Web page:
Some folks assume that professional astronomers all had telescopes when they were kids; that they grew up memorizing constellations and facts about planets, stars, and galaxies; and that they got white lab coats for their ninth birthdays.
None of those are true about me. I got a bicycle for my ninth birthday, and I’ve never owned either a white lab coat or a telescope (unless binoculars count).
The reason I became an astronomer is that I am obsessive about solving puzzles. As a child in the 1970s, I loved playing with the Soma cube puzzle. When the Rubik’s Cube went on sale in 1980, I bought one the first day I heard about it. I twiddled, solved, and created patterns on it for many moons. I own every size cube up to a 7×7x7 — that’s seven squares in each row — including a 1×1x1 that a friend made for me, and dozens of other 3D rotating, flipping, and/or sliding puzzles.
Beyond those physical manipulation puzzles, I also love the intellectual challenge that many math students fear most: word problems. To me, equations are only really interesting when applied to a situation. Give me a description, let me deduce both the method and the solution, and I‘m hooked. In addition to baseball, I played at recreational math. I felt I lost a bit of my childhood when Martin Gardner, math and science writer best known for his Scientific American math puzzles, passed away a couple years ago.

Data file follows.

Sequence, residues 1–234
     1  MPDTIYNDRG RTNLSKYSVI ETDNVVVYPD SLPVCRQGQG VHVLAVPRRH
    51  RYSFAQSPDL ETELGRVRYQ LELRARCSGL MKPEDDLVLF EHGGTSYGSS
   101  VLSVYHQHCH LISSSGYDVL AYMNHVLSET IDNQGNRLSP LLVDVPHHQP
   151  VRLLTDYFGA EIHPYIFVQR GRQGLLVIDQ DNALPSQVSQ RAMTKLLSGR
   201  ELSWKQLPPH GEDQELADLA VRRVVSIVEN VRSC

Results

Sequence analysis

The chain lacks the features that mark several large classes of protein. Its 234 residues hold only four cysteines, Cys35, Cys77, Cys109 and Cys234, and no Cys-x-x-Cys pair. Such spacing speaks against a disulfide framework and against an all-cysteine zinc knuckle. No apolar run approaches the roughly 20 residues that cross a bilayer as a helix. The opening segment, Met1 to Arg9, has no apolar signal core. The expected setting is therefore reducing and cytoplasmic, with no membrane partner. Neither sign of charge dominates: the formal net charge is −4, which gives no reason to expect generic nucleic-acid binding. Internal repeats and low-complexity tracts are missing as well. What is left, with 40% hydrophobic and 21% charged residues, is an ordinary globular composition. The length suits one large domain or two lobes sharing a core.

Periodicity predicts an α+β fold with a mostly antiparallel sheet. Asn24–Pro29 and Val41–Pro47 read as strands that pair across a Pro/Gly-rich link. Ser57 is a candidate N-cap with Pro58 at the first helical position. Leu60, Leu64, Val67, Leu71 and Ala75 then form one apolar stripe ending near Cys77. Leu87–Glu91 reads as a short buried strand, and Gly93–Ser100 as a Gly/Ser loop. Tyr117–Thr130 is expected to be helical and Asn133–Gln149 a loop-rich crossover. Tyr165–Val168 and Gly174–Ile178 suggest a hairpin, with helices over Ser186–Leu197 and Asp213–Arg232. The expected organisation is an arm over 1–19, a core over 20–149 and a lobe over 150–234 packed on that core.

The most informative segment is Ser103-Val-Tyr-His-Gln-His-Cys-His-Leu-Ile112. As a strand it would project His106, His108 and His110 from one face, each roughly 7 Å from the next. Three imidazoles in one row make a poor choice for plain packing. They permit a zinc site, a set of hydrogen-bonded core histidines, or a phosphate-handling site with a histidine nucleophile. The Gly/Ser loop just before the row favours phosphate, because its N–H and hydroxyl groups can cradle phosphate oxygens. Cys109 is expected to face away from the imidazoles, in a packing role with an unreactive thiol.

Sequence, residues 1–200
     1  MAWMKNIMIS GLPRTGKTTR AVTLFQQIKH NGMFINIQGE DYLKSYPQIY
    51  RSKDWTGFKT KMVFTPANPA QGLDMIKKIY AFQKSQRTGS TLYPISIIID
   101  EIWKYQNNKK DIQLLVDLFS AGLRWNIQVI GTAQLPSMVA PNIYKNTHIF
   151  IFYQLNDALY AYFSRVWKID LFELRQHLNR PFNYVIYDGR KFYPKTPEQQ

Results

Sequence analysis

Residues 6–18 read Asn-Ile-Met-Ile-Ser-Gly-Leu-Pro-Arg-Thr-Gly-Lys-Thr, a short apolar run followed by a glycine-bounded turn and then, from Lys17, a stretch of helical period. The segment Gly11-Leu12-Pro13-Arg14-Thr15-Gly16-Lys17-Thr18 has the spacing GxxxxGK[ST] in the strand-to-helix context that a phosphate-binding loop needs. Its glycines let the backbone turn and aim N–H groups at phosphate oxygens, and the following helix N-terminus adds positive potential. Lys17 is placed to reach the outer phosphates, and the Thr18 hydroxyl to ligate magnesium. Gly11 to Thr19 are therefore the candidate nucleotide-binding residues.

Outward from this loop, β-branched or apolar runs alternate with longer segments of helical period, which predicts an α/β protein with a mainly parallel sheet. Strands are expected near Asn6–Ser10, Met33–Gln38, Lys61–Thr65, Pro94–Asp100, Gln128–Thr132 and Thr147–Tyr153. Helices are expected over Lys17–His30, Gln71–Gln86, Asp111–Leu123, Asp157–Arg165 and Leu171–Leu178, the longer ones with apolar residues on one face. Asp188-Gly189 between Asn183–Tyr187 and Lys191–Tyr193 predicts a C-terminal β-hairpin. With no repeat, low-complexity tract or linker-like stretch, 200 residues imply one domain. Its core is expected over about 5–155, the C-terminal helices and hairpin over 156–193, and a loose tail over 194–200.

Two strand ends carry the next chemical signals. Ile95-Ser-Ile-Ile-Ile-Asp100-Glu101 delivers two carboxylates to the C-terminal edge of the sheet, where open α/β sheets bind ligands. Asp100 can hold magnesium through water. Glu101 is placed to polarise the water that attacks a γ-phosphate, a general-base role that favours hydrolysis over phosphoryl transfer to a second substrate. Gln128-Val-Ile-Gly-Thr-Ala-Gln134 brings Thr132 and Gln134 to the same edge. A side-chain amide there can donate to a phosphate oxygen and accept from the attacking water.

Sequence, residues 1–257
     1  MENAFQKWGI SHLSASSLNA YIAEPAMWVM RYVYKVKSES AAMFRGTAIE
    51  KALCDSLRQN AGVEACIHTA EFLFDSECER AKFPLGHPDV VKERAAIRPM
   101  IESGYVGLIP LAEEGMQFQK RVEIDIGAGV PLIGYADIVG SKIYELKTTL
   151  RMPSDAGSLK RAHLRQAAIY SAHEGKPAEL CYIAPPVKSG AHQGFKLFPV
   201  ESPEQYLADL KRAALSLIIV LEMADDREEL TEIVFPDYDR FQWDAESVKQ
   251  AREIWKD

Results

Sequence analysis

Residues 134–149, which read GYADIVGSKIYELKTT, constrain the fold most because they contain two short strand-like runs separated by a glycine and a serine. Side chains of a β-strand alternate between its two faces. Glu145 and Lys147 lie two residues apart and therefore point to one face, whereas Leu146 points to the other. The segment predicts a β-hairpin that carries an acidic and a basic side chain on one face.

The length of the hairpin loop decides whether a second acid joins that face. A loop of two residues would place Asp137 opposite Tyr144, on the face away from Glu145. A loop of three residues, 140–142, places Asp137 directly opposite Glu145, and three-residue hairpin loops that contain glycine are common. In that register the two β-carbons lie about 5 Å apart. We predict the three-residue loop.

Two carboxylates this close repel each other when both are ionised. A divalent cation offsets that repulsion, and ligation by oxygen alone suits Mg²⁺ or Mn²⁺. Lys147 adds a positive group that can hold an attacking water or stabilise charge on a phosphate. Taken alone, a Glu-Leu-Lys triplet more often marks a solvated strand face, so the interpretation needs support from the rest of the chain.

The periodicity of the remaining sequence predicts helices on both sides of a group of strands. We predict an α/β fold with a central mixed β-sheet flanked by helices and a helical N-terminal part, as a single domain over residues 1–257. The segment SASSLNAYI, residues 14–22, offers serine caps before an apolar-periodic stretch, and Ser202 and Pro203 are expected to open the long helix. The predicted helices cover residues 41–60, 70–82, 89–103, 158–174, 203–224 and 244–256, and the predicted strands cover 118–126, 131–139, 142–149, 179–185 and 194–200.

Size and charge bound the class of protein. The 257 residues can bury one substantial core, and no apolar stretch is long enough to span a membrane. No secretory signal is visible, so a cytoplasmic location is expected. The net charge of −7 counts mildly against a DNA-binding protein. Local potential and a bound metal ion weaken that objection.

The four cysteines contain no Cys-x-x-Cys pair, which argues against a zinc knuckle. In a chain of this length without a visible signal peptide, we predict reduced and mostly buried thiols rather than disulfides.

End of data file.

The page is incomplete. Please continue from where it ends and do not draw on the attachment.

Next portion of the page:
So I came to astrophysics in a sideways fashion. I was brilliant at math, and the best math problems came from physics. As I progressed through college physics, the most interesting situations were in astronomy. What could be a greater puzzling challenge than to deduce all the physics of a situation trillions of miles away simply by examining the light it emits? And the answers described possibilities not only unheard of, but also impossible to reproduce here on Earth.
When speaking to students, I tell them it’s OK not to know what you want to be when you grow up. At one time, I dreamt of being a baseball pitcher. My experience says that if you work hard and follow your passion, you never know where it might take you.
It may say “astrophysicist” on my business cards, but really, I’m just a cosmic puzzle junkie.